Statistics apart, SP is seen as the rise of BWC, and the BSP, which won 2007 elections, as that of Dalits more by beliefs and repetition than by genuine solid support base. It puts a responsibility on these parties to safeguard the show in their own interest.
With the SP occupying lion’s share of media attention, the potential support for the BSP, which is somewhat distributed across the State, is likely to be ignored or underestimated. It took over 25 per cent of votes though it won only 80 seats while the winner SP succeeded in getting 224 seats with 29 per cent of votes in 2012. The BSP is now relying on Dalit-Muslim support and is fielding over one-fourth of its candidates from this combine.
The Supreme Court has banned appeals to religion and caste in an election, but this has not prevented parties from choosing candidates on religion/caste basis and also bringing this to public notice.
Party splits and alliances, and defection of individual leaders on the eve of elections are prompted by chances of winning elections and forming governments. These are not guided by ideological persuasions or promises of performance. Contrast this with earlier days of party system when ideology mattered.
The Indian National Congress experienced its first split in 1905-07 known as the Surat split. It was an ideological split between moderates and extremists in the party – the former supporting the path of deliberations with the government, and the latter for adopting agitational course like boycotts to win swaraj and swadeshi.
The moderates formed a breakaway party called the Swaraj Party which accepted Reforms in 1920s to enter Legislative Council. The split was fundamentally based on political ideology. The Communist Party split in 1964 following the death of Stalin in 1953 and the fallout of Soviet Union and China giving rise to pro-China CPI and pro-USSR CPI(M). A more radical wing formed a splinter group CPI(Marxist-Leninist) in 1967.
While Communists have not been playing splitting games, electoral politics has given rise to a massive split in the Congress at the national level in 1969, and many regional splits. It introduced the politics of splitting political parties on leadership factor aided by the natural growth of career politics.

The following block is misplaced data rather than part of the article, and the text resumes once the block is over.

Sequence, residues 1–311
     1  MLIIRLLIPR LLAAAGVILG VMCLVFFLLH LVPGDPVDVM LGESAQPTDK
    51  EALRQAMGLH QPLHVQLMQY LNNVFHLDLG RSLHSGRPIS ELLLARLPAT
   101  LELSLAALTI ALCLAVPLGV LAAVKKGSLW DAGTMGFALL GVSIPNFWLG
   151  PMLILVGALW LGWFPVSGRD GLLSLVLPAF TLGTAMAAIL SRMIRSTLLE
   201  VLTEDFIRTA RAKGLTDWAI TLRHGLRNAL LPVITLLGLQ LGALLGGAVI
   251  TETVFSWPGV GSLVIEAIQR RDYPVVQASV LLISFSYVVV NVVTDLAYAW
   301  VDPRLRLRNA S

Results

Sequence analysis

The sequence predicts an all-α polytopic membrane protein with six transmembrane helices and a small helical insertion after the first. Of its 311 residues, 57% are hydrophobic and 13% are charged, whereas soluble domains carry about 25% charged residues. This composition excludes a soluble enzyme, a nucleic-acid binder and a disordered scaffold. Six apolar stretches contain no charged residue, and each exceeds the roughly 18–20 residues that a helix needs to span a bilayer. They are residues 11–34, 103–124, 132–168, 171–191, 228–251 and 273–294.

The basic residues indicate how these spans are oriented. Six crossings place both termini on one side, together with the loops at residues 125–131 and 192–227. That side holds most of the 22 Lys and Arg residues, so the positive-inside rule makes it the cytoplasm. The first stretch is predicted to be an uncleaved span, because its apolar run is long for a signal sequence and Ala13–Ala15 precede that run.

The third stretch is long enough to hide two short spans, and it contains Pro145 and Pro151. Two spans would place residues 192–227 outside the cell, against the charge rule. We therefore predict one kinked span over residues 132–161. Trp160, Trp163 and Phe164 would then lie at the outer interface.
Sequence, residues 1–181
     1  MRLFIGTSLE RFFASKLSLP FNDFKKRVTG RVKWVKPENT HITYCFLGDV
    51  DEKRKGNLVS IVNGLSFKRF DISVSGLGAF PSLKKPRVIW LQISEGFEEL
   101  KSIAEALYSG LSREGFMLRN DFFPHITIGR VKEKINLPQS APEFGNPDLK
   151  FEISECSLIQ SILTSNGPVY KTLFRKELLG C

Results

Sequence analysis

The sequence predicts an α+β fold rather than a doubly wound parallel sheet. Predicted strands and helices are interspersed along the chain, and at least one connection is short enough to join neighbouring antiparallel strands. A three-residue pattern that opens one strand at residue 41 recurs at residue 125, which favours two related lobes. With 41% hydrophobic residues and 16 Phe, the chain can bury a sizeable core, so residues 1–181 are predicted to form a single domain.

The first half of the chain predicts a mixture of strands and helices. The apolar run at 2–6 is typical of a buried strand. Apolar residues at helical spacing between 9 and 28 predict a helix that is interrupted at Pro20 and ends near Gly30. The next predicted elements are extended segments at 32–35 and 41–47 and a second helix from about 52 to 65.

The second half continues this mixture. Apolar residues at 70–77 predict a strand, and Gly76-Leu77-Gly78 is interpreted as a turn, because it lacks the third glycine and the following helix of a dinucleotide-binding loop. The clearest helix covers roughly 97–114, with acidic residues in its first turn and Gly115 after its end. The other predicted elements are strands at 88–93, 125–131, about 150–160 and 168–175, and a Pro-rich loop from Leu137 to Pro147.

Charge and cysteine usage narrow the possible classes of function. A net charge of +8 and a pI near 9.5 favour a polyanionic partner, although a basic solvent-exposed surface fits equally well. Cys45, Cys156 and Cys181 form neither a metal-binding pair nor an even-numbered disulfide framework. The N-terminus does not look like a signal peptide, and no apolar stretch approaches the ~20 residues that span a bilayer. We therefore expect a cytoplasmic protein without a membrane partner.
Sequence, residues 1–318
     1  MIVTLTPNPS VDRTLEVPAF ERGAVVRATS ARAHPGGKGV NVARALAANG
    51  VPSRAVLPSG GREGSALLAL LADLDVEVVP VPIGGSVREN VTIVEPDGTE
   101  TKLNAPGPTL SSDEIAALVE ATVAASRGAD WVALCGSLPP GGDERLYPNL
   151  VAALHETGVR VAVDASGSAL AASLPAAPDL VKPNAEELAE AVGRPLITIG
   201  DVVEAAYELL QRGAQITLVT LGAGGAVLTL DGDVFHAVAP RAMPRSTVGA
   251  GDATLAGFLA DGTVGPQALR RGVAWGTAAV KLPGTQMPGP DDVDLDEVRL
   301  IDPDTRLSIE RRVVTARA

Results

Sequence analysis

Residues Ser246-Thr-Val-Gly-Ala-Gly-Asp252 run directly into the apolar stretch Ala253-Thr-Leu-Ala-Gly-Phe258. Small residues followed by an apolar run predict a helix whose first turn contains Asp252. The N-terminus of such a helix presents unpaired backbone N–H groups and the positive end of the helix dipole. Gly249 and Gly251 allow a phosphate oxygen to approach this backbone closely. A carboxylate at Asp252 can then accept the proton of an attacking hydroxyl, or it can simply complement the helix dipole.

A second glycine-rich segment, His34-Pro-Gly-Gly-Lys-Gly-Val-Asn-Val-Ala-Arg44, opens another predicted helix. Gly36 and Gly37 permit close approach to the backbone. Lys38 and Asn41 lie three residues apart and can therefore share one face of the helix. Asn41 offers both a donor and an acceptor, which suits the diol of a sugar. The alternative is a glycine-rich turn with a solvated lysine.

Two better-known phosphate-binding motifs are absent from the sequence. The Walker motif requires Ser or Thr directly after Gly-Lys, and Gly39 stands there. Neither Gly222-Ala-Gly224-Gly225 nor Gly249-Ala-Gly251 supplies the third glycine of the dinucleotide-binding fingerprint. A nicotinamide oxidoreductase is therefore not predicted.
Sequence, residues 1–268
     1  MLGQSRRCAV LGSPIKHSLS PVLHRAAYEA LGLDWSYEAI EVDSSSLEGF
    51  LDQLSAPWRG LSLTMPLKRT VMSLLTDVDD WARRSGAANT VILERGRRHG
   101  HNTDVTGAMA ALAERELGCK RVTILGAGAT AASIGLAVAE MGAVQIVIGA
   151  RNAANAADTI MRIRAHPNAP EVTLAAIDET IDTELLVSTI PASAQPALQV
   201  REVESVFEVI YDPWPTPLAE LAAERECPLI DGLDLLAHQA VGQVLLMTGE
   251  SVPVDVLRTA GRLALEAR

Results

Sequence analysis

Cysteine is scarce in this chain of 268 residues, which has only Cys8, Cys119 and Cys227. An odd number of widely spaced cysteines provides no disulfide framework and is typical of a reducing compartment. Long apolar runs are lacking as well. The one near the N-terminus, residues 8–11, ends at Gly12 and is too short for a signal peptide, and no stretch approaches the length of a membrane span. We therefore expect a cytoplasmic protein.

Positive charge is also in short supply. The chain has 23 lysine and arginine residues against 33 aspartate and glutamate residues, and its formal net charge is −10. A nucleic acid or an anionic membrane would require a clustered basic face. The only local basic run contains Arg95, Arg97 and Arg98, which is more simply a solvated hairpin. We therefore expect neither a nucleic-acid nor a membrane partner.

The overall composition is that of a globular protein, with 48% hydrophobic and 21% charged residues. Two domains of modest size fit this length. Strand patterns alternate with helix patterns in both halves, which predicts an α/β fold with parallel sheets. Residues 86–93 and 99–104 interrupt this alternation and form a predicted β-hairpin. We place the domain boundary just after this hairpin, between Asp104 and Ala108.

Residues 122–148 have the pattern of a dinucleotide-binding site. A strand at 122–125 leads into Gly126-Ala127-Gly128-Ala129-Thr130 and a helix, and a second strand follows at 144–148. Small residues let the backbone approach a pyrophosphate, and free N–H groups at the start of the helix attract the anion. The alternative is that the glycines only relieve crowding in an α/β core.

In reality, splits are easier and frequent than mergers which are difficult to achieve and to sustain in this personality- based party system. Mergers are constructed and artificial whereas splits are natural. There can be no better specimen of this than the experiment of Janata Parivar in 2015 before Assembly elections in Bihar attempted by merger of SP, JD(U), RJD, and JD(S). It broke before its formation was completed under the weight of heavy leaders – a phenomenon not conducive to party mergers and acquisitions for unity.
Social bases do not disappear by splits, but they also break up and shift their support in search of governance that delivers or promises to deliver. Therefore, there are constant alignments and realignments across social groups and around personalities. They also end in splits and combinations which can tilt the scale in election outcomes. Electoral consequences of a party split are direct in the first-past-the-post system of election by majority adopted in India.
National parties – the Congress and the BJP – have a common factor of absence of a strong local leader in UP to be readily accepted by at least their own supporters unlike their rival parties. Critics are prone to depict this as a handicap against locally rooted satraps of their opponents. On the field, it may turn out to be an opportunity for their national leaders to carry on election battle on national plane which indeed will be the decisive factor in life anywhere in India. –INFA